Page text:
Paul laughs, “You can’t DO the Feminine, Jill. She’s that still small voice within. You can’t hear Her if you’re on overdrive. She doesn’t arrive on your schedule. She unfurls Herself, sometimes meandering and sometimes in a flash flood. She’s kinesthetic, not intellectual.
“You want to try an experiment, Jill?”
“Like . . .?” I responded warily.
“I want you to begin feeling truth in your body.”
“Huh?” I said, eyeing Paul skeptically.
“The body doesn’t lie, Jill.
“You live in your mind. When you pose a question with your mind and then answer it with your mind, it creates a conflict of interest. Your ego needs your mind to be right. How about letting your body answer the questions?”
Paul watched my gears turning, struggling to understand what he was telling me.
“Stop trying to make sense of what I’m saying with your mind. This is exactly what I’m talking about. Just sit back, close your eyes, and take a couple of deep breaths.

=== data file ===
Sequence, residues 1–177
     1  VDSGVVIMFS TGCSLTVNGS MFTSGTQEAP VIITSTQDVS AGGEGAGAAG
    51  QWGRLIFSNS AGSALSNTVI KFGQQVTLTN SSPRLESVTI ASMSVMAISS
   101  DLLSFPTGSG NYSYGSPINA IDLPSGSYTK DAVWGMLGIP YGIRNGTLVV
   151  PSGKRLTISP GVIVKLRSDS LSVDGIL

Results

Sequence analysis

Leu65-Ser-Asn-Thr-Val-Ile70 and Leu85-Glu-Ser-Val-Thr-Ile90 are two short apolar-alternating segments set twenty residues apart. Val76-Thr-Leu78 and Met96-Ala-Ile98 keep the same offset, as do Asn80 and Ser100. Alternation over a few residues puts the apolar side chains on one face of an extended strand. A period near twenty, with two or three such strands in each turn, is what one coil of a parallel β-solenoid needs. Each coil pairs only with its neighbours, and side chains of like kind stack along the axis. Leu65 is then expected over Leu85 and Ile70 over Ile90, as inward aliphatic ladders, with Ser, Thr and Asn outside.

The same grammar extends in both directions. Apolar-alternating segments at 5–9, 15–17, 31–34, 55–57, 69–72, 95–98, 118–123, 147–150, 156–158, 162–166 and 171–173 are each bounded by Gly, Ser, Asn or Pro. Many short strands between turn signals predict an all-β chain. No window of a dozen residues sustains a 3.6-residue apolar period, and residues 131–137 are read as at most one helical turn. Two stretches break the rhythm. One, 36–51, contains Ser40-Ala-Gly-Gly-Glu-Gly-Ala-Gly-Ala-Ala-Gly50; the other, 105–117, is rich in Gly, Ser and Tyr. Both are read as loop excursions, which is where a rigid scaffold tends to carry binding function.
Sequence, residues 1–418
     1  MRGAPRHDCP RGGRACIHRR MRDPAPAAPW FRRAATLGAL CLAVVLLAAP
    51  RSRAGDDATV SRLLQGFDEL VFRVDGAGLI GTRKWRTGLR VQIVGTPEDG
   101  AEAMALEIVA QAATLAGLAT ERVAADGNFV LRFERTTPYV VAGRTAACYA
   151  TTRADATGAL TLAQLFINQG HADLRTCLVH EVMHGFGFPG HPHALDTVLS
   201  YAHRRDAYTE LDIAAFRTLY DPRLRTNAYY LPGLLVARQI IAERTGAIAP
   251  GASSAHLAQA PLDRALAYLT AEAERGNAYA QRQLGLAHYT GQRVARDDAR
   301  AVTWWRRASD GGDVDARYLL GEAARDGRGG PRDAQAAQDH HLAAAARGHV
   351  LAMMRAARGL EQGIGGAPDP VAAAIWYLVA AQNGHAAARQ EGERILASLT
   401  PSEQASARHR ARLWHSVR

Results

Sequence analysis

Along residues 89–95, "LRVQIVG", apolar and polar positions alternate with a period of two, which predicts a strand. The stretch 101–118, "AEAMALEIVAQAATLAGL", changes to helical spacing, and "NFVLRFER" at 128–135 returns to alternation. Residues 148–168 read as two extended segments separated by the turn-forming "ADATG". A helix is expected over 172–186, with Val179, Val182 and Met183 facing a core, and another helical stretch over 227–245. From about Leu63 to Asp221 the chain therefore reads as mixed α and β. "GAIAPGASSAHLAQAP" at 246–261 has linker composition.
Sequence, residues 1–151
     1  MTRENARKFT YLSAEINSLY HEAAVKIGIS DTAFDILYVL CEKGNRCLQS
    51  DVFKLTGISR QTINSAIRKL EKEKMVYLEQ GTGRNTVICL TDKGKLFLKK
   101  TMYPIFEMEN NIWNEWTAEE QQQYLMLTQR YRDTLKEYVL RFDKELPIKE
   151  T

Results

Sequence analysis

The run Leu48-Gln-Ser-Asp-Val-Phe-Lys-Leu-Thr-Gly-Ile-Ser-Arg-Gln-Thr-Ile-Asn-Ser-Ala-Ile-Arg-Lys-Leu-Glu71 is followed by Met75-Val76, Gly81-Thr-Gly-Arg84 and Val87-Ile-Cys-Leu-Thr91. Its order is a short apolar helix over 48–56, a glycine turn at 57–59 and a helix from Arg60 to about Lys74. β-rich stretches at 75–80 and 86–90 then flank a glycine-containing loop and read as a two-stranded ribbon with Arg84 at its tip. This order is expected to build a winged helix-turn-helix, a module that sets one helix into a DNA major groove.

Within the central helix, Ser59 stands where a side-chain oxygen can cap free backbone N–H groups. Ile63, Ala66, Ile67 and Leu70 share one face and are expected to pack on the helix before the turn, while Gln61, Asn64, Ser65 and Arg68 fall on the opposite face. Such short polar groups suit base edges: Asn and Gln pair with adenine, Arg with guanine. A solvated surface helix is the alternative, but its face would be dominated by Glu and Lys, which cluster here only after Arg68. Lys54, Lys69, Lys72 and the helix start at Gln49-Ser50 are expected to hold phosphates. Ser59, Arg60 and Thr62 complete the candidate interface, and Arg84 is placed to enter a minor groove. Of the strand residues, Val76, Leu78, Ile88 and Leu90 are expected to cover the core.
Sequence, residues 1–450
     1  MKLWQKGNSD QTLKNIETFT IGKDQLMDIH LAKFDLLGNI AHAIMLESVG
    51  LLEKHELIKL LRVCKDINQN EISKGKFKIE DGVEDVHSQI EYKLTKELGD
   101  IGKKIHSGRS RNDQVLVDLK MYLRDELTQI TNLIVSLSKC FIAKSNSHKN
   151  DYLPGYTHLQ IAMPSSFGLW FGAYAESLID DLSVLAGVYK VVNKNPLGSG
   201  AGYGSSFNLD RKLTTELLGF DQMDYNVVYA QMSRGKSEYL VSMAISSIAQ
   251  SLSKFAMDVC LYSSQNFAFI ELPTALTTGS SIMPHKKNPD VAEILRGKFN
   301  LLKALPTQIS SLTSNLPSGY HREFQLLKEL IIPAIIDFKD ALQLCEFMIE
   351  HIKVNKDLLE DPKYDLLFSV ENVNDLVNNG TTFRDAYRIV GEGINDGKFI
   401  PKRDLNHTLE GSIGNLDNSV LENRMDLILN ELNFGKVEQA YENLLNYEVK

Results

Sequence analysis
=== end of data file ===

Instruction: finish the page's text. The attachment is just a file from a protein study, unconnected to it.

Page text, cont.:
I gave up struggling to fit what Paul was telling me into the limited box of my mind, and did as he suggested, all the while convinced I would fail this exercise.
“Do you have hazel eyes, Jill?”
I felt a rush of energy in my throat. “Oh my God,” I exclaimed as my eyes flew open. “I felt it. I felt it in my throat,” I screeched.
“That’s where you feel ‘yes,’ Jill. Now close your eyes again.”
Taking another deep breath, I excitedly awaited Paul’s question.
“Are you married, Jill?”
A dense feeling pervaded my gut. “Wow, that’s amazing.”